Engel 'Disappointed' by Ford Forum for Mearsheimer
By Annie Karni
September 10, 2007

Time to Send Lee Bollinger to Dubai
By Steven Plaut
March 31, 2005


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Bollinger's Visual Map
 

  • President of Columbia University
  • Former President of University of Michigan Law School
  • Proponent of racial preferences in college admissions



Lee Bollinger has been the President of Columbia University since June 2002. He is among academia's most outspoken defenders of affirmative action programs.

Born in 1946 in Santa Rosa, California, Bollinger graduated from the University of Oregon and Columbia Law School. He was a law clerk for Judge Wilfred Feinberg of the United States Court of Appeals for the Second Circuit, and for Supreme Court Chief Justice Warren Burger in the early 1970s. In 1973 Bollinger joined the faculty of the University of Michigan Law School, where he would be named dean fourteen years later.

Bollinger made his debut on the national political stage during Robert Bork's Supreme Court confirmation hearings in 1987. Arguing before the Senate that Bork's interpretation of the First Amendment could eventually roll back legal precedent, Bollinger helped derail Bork's nomination.

In 1988 the University of Michigan (UM) became mired in controversy when its governing body adopted a stringent speech code stipulating that speech offensive to an individual on the basis of race, religion, sexual orientation, or gender was a punishable offense. The code was in effect for only fifteen months it was struck down as unconstitutional by a federal court but a number of students were nonetheless penalized for offensive speech.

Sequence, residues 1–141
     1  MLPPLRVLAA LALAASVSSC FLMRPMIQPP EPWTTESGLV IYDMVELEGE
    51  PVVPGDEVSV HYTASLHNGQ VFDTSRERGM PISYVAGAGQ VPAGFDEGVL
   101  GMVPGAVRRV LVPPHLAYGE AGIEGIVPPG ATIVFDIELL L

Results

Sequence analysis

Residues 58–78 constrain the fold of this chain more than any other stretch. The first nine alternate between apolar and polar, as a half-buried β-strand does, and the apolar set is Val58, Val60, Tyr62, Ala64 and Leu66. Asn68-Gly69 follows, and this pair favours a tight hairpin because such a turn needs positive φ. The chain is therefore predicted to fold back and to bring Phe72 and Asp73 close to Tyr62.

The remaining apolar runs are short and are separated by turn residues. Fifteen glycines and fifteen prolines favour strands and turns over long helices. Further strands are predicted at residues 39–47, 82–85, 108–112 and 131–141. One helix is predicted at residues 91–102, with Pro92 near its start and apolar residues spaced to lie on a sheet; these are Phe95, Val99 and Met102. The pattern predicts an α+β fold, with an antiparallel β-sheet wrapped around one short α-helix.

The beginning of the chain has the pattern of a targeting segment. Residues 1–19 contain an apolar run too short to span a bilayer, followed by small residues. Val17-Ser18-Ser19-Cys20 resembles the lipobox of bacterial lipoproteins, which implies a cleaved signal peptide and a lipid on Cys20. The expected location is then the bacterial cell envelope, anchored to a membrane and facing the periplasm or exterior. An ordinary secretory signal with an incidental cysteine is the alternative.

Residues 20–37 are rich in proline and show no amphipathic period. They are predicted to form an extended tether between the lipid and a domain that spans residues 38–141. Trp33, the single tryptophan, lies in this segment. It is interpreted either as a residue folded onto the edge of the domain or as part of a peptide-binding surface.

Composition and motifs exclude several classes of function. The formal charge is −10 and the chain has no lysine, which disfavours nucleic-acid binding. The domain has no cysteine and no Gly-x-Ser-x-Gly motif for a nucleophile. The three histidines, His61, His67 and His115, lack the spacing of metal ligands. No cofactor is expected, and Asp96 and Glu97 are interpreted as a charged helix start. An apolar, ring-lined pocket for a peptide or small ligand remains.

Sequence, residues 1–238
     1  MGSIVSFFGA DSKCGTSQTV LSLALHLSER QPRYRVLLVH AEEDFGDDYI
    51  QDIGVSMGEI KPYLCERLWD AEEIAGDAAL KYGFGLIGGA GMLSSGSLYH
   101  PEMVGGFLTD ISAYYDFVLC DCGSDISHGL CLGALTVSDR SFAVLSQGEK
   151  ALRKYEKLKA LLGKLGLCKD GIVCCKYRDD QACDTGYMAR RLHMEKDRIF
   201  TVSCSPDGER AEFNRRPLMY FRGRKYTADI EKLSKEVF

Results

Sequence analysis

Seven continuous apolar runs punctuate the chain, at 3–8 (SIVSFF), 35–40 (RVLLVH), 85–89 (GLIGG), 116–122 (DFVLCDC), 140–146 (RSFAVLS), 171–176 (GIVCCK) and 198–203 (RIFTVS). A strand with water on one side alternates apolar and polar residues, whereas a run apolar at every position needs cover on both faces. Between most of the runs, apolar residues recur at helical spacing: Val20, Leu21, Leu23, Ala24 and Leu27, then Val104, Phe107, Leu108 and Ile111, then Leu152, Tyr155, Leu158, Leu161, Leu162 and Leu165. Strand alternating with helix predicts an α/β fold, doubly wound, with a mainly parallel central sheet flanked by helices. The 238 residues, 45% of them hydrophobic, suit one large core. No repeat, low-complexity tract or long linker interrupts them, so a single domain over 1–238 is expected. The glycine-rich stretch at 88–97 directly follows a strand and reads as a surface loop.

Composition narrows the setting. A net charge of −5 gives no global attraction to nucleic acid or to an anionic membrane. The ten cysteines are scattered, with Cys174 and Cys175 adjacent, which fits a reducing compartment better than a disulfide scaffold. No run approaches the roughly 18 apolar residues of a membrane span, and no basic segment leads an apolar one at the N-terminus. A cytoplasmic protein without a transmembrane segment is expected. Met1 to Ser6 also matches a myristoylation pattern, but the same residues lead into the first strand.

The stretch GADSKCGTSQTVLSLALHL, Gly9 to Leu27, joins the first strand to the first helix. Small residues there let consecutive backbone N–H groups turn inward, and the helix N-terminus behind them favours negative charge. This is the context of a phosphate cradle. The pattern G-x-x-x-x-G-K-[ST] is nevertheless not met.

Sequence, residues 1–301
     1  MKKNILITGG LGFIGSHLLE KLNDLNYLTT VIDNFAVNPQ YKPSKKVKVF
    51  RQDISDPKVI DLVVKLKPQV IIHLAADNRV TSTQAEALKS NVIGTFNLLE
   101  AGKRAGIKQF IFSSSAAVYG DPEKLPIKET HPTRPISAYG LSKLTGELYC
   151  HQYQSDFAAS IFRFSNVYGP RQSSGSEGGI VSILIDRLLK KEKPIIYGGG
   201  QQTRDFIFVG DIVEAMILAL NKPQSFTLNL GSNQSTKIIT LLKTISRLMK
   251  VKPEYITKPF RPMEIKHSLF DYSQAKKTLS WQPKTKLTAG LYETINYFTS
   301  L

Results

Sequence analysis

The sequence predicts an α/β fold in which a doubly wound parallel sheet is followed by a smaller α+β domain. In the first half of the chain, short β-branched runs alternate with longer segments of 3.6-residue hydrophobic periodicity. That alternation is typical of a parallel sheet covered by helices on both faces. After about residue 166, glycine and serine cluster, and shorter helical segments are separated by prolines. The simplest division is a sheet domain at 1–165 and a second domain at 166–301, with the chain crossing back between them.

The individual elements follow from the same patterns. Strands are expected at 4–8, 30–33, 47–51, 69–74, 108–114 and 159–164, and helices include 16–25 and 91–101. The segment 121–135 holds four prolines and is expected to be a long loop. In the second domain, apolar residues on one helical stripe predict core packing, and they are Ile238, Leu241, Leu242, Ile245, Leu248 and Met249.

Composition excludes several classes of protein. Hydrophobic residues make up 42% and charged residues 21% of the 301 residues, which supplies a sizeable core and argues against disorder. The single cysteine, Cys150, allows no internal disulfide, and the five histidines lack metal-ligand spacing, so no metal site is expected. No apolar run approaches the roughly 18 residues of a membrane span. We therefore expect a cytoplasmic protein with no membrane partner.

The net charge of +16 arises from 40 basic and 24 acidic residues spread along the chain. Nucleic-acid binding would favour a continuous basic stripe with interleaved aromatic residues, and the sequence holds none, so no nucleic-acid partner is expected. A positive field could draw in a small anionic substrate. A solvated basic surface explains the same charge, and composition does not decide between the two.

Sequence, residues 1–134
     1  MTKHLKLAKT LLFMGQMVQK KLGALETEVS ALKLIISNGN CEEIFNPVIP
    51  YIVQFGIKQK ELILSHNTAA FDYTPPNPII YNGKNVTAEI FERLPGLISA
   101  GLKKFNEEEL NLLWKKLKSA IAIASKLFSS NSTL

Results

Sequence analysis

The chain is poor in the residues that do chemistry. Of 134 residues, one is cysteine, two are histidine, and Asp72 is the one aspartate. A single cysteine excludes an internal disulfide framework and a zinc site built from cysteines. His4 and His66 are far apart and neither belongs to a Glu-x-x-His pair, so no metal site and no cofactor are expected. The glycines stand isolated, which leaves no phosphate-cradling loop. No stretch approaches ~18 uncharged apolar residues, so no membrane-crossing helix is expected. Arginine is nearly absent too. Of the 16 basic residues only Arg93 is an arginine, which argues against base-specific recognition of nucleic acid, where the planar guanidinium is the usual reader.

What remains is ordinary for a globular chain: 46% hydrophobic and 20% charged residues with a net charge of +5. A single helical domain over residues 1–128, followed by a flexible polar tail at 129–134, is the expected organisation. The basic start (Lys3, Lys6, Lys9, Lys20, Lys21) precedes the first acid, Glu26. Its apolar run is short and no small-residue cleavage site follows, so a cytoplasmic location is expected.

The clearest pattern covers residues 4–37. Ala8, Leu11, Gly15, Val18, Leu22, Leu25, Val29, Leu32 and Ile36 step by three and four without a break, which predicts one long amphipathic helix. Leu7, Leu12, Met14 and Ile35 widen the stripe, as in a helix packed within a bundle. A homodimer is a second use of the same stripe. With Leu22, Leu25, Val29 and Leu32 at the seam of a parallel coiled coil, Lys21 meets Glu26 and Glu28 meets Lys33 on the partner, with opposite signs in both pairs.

During his tenure as UM dean, Bollinger never questioned the legitimacy of his school's speech code. "The failure of the dean of a law school, especially one with an expertise in the First Amendment, to speak up against a patently unconstitutional speech code is a blight on his record that should be mentioned until he explains himself," said William Rice of the American Academy for Liberal Education.

After a brief stint as Provost of Dartmouth College, Bollinger returned to the University of Michigan in 1996 as the school's President. In 2003 he was named in the landmark Supreme Court lawsuits of Grutter v. Bollinger  (where the Court upheld UM's affirmative action admissions policies) and Gratz v. Bollinger (where the Court found that UM's point system was too mechanistic and thus in violation of the Equal Protection Clause of the Fourteenth Amendment).

Bollinger responded to these Court rulings by arguing passionately in defense of affirmative action. "This principle of [affirmative action] is a deep part of the educational philosophy of American higher education," he told the Christian Science Monitor in 2001. "Without the diversity it provides, the character and the quality of our great public universities would decline."

Also during his tenure at UM, Bollinger in 1999 defended the actions of thirty anti-sweatshop activists who had stormed his office. He told The New York Times that the activists were "terrific students They're just the kind of students you want on your campus. They were interested in a serious problem, they were knowledgeable about the problem, and they really wanted to do something about it."

In June 2002 Bollinger was named President of Columbia University, where in 2004 he was at the fore of an on-campus controversy centered on the concept of academic freedom. The David Project, a Boston-based pro-Israel group, had recently produced a documentary titled Columbia Unbecoming that featured student supporters of Israel recounting the harassment and intimidation that allegedly had been directed at them by faculty members in the University's Middle East and Asian Languages and Cultures (MEALAC) Department. Bollinger was criticized by a number of Columbia professors for his reluctance to speak out about the problem. 

Eventually, Columbia organized an ad-hoc committee to review the allegations. "This is a completely new process that has been set up," Bollinger said. "This is a very important, careful, delicate process to think about behavior in the classroom."

In addition to his role at President of Columbia, Bollinger sits on the Board of Directors of the Federal Reserve Bank in New York City. He has authored the books The Tolerant Society and Images of a Free Press.